Archive for the ‘St Johns PS’ Category

Flashmob

At St John’s Primary School, Clifton Hill, the grade 3/4s and I created a number of short pieces about the human body. In addition to a poppy little song and a hocket of “bodily function noises” (imagine, if you will), we created a body percussion dance routine and decided to perform it as a Flashmob at lunchtime on my last day.

The plan was: I would wander out into the playground about ten minutes before the bell rang. They would all be looking out for me. I’d raise my arm to wave to them (as you do), but really I’d be doing a 5-4-3-2-1 countdown with my fingers. This would be the cue for us to start our dance, a formation magically emerging from the hordes of playing children. The music teacher was on yard duty so would join in the performance with us.

Unfortunately, I can’t share the video of the event with you – it was too tricky to film it without showing any children’s faces (and we don’t have permission to publish such materials). But they loved it, loved the idea of making a flashmob, loved breaking into dance in the middle of the playground at lunchtime, wanted to do it many times over. A few others tried to join in too (an indicator of a good flashmob, we decided).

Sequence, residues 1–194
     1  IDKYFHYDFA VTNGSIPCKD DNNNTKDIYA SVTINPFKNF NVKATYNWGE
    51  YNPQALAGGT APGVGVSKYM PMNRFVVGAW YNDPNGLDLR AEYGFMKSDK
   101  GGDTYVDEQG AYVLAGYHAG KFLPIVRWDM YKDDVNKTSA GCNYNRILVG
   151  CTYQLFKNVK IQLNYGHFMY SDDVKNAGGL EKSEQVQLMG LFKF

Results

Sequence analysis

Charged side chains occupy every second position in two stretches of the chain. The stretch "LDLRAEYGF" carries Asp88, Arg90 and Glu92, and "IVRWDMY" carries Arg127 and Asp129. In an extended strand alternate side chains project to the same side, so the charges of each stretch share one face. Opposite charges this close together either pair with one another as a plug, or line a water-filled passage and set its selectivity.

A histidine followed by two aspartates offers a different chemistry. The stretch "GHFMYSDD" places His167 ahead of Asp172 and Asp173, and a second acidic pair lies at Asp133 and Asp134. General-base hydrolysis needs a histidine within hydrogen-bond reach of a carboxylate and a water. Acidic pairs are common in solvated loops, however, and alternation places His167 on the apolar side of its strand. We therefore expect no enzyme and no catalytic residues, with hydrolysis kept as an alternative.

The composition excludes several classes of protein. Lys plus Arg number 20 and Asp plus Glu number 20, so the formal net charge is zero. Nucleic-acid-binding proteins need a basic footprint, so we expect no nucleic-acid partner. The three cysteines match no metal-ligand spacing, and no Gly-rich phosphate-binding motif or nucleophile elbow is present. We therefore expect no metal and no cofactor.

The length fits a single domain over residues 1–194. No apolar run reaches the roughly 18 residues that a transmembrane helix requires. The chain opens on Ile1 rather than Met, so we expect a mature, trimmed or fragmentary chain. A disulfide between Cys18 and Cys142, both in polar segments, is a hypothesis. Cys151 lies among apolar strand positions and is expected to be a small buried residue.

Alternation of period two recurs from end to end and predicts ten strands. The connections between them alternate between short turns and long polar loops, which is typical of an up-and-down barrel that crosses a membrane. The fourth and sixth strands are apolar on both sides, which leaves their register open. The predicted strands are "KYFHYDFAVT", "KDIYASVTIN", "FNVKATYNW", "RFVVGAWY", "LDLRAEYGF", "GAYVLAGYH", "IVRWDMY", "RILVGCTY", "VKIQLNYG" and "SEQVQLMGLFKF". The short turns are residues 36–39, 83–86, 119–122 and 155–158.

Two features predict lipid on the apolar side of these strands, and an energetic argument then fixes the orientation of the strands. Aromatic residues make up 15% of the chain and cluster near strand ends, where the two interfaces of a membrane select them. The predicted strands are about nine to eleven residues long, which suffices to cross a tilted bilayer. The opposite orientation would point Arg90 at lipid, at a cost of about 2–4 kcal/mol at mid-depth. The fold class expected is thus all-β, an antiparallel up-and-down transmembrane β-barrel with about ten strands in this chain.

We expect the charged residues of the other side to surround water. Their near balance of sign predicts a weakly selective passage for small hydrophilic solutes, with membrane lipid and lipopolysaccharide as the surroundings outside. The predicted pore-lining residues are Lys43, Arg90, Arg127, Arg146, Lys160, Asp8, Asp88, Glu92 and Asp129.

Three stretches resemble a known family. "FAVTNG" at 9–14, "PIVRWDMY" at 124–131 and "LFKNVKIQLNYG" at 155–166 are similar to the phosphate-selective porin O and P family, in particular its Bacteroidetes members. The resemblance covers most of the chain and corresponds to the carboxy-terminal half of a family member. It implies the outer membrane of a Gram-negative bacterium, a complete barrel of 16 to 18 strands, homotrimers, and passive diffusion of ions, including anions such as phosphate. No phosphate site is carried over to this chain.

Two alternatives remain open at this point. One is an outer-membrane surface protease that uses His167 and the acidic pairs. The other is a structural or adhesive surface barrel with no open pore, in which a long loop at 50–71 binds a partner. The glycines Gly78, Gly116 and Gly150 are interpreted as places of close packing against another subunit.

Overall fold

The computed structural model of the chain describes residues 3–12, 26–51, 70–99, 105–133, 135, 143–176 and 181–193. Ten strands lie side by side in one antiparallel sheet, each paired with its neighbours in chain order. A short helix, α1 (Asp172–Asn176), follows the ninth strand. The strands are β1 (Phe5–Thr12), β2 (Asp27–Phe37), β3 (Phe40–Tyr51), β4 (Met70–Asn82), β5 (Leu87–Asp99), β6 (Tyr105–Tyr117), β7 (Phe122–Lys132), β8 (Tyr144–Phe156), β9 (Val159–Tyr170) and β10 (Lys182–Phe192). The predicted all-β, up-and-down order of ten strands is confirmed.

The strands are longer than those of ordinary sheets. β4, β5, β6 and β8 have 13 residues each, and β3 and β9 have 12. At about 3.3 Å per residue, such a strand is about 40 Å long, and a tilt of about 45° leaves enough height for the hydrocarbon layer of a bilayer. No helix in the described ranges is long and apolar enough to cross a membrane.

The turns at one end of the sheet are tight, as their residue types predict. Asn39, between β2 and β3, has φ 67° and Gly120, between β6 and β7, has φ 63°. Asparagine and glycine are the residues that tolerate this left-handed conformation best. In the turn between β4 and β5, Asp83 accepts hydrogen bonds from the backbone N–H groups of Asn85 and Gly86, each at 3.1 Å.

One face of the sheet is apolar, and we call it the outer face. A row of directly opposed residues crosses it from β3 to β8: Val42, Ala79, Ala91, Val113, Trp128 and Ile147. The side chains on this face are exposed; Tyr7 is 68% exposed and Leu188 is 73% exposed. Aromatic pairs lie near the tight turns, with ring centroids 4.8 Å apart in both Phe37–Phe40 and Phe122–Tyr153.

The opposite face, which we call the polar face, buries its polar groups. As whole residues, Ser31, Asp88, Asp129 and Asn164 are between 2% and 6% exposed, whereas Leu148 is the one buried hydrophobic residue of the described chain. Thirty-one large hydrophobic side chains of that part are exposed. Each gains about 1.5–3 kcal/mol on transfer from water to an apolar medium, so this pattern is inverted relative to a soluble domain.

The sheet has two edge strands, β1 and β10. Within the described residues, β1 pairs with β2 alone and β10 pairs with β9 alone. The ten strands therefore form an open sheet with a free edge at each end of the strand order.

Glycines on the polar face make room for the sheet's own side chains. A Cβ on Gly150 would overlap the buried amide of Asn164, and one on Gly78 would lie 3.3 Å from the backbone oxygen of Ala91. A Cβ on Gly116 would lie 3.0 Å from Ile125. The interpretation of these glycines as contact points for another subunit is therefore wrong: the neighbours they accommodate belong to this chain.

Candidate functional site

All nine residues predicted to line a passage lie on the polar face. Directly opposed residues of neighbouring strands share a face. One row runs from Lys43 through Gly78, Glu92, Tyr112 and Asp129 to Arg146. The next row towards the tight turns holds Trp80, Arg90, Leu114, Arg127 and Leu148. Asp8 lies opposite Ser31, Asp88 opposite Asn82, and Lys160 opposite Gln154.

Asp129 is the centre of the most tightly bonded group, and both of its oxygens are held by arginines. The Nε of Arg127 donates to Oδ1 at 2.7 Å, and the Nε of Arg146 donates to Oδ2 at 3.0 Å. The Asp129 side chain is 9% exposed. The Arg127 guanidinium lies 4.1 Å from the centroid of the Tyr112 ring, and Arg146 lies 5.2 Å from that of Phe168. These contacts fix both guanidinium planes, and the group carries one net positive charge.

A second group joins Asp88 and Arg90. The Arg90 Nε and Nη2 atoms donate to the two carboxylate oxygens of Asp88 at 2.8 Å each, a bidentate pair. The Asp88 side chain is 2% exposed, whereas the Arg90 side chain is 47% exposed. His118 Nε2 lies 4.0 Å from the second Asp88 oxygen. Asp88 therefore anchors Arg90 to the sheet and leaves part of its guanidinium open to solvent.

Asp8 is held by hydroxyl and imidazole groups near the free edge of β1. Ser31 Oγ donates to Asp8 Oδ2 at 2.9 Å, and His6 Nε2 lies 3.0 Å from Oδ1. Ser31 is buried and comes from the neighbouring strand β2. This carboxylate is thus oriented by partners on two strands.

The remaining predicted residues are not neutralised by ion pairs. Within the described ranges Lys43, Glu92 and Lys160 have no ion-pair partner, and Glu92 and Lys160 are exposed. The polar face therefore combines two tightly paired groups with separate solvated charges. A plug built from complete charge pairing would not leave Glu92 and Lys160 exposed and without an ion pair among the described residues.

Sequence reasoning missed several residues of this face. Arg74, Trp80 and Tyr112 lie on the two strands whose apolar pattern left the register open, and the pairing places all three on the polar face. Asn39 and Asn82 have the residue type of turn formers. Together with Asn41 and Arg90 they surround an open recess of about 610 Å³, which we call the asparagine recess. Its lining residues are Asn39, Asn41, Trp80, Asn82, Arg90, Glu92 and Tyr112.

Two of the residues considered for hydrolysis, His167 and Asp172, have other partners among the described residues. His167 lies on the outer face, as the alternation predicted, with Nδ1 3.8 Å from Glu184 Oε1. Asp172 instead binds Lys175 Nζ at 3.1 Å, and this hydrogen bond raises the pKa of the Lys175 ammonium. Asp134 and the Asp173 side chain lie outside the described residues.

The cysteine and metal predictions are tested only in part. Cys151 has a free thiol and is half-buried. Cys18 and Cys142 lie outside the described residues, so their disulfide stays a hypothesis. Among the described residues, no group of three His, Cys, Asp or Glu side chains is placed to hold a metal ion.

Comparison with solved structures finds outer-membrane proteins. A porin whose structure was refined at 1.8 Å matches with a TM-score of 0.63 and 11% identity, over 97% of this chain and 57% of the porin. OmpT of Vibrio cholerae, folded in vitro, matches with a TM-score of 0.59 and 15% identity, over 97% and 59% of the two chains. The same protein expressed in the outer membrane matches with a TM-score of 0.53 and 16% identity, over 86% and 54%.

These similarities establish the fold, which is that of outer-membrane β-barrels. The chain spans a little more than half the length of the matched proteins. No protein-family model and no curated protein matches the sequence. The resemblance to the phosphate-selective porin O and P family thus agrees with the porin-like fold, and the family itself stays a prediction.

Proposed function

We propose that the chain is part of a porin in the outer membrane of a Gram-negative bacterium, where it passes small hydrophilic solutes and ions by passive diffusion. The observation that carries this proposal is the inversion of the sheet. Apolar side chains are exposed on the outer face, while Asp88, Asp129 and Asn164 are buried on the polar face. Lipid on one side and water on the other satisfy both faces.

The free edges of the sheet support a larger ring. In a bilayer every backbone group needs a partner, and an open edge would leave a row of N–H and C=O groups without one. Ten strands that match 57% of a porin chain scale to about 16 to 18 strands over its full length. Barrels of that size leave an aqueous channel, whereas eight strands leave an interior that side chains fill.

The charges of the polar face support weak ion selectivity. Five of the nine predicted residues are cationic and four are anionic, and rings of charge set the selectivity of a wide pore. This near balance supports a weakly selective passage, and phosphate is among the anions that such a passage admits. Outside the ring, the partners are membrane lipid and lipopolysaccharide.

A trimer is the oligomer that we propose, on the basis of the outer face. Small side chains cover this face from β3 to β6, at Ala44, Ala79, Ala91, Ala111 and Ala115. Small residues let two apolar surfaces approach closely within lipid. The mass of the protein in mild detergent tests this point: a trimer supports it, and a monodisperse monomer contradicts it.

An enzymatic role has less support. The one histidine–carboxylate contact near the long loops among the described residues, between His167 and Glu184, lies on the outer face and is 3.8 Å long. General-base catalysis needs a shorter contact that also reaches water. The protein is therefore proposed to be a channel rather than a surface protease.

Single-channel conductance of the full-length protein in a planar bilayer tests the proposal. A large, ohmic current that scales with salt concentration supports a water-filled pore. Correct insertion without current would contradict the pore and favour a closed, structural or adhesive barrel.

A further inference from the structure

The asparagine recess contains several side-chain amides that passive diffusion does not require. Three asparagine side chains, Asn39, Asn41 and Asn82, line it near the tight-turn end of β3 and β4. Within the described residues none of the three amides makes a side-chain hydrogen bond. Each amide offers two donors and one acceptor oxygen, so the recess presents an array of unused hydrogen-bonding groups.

Thanks to all the teachers at St John’s Primary Clifton Hill for making me so welcome during my residency. Thanks to all the gorgeous children, and thanks especially to Mary-Anne who invited me to work with her students over these last three weeks.

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Quick starters

In any workshop it is imperative, I think, that the participants have some kind of penny-dropping, “a-ha!” experience, in order to have something tangible to take away. In a short time-frame with an unfamiliar group, this can be particularly challenging to ensure, but I like the energy of jumping in with a new group, and creating something on the spot together. My current project at St John’s Primary Clifton Hill (as their visiting ‘Composer in the Classroom’ for Musica Viva) has asked me to develop a number of short, intensive and engaging composition workshops for early years students, pushing them in some way, but ensuring the experience is complete within the hour.

One of my ‘quick start’ workshops is to develop melodic and rhythmic material using a Cycle of 8 beats. The steps are pretty straight-forward:

  • Get everyone to count a cycle of 8 steady beats out loud, repeating them over and over in a loop
  • Get everyone to clap on 1.